Some Key Words used in the Leaflets
‘Freiheit‘: The German word for freedom, which features especially heavily in the sixth leaflet, in the phrase ‘Freiheit und Ehre’ (‘freedom and honour’). The repetition makes this something of a rallying call, as the White Rose call for the freedom of the individual. They imply that the love of freedom is intrinsically German, evoking a German literary and philosophical tradition which includes Goethe and Kant. Goethe’s famous knight-hero in his play Götz von Berlichingen (1773) embodies these values, refusing to bow to an unjust authority and fighting to protect German independence. Götz dies in prison with the last word ‘Freiheit’. Hans Scholl’s last words were ‘Es lebe die Freiheit!’ (‘Long live freedom!’).
‘Untermensch’: ‘subhuman’. This word was commonly used in Nazi propaganda to describe non-Aryans deemed ‘inferior’, including Jewish people, Roma, and Slavs.
‘Mitläufer’: A ‘fellow-traveller’, one who follows a group without particularly supporting or even liking it, instead becoming a hanger-on through opportunism or lack of courage. The term was widely used in the Nuremberg Trials and throughout the post-war period to denote ‘followers’: those who were considered lesser offenders in the Nazi hierarchy, but were still not wholly exonerated. Hannah Arendt provides a good summary of the sense of being a ‘Mitläufer’ in Eichmann in Jerusalem (1963), where she describes how the Nazi regime made it easier to do wrong than right: ‘Evil in the Third Reich had lost the quality by which most people recognize it — the quality of temptation. Many Germans and many Nazis, probably an overwhelming majority of them, must have been tempted not to murder, not to rob, not to let their neighbours go off to their doom […], and not to become accomplices in all these crimes by benefiting from them. But, God knows, they had learned to resist temptation.’(Hannah Arendt, Eichmann in Jerusalem: A Report on the Banality of Evil, ed. by Amos Elon (London: Penguin, 2005), p. 150.)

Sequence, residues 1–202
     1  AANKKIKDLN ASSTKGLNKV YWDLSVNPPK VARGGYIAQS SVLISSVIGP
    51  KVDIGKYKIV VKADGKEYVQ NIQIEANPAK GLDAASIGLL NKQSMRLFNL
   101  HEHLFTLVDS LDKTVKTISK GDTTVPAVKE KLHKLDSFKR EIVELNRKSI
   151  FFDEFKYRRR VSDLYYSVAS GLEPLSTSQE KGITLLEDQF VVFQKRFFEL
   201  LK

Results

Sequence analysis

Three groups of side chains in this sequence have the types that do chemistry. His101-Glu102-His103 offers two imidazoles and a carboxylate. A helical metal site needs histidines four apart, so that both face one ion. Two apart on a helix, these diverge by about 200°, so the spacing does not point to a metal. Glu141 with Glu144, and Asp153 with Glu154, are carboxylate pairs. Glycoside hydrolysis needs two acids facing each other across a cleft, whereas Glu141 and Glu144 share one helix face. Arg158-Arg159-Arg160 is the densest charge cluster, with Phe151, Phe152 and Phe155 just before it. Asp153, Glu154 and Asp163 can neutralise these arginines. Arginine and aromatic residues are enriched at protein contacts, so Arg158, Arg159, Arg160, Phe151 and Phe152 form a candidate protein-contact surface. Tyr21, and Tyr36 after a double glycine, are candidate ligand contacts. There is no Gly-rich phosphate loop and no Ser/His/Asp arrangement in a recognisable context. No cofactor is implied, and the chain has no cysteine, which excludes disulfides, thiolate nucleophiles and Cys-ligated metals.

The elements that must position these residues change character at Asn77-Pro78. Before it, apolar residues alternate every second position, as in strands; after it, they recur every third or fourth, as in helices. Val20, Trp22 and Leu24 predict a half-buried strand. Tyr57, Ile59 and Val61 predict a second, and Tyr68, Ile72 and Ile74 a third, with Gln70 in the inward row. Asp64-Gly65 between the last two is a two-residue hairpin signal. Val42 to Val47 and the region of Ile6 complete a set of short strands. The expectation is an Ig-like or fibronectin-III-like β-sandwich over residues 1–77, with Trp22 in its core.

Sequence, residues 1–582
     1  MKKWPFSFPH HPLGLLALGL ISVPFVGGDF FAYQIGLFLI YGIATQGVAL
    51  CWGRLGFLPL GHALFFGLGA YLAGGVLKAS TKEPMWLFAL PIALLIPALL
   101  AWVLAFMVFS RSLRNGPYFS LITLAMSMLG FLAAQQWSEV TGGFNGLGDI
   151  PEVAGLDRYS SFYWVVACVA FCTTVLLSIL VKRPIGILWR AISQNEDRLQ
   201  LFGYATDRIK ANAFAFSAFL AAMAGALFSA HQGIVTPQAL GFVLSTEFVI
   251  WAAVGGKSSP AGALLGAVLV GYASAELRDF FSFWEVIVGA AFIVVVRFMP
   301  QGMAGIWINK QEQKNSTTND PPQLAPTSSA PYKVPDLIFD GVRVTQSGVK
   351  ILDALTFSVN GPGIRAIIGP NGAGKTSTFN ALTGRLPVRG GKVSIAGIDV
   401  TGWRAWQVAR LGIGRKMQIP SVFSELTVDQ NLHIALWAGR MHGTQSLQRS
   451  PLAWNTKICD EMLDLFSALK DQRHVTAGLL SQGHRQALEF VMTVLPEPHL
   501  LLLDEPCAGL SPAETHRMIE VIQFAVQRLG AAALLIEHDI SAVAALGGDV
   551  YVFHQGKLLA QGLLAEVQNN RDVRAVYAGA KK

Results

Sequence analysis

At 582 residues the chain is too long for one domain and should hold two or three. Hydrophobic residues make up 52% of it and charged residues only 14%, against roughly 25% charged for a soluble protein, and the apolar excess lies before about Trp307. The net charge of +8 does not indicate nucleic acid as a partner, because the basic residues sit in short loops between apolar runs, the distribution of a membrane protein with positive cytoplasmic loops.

‘Mitschuld’: The term ‘Mitschuld’ is a compound of the words ‘Schuld’, meaning ‘guilt’ or ‘fault’, and the prefix ‘Mit-’ (‘with’). Thus, it expresses an individual’s share in someone else’s guilt. The notion of ‘Mitschuld’ had great importance in the post-war discussion of Germans’ responsibility, as it is used to express the idea that the individuals within a society, which allows deeds like the Nazi atrocities to happen, share the blame for these actions.
‘Staat’: Broadly corresponds to the English ‘state’ with more emphasis on the mechanism of government (as in the adjectival sense of ‘state’ in ‘state pension’, for example). It can also refer to the nation as a whole.
‘Volk’: A term meaning ‘nation’ or ‘people’ originally used by the nationalist völkisch movement, which had its roots in the late nineteenth century and resurfaced after the First World War in opposition to liberal democracy under the Weimar Republic. The National Socialists used ‘Das deutsche Volk’ [the German people] as an umbrella term for everybody whom they considered to be ‘ethnically German’, including those who lived outside of Germany.
(Definitions adapted from those published in The White Rose: Reading, Writing, Resistance, ed. by Alexandra Lloyd (Oxford: Taylor Institution Library, 2019).)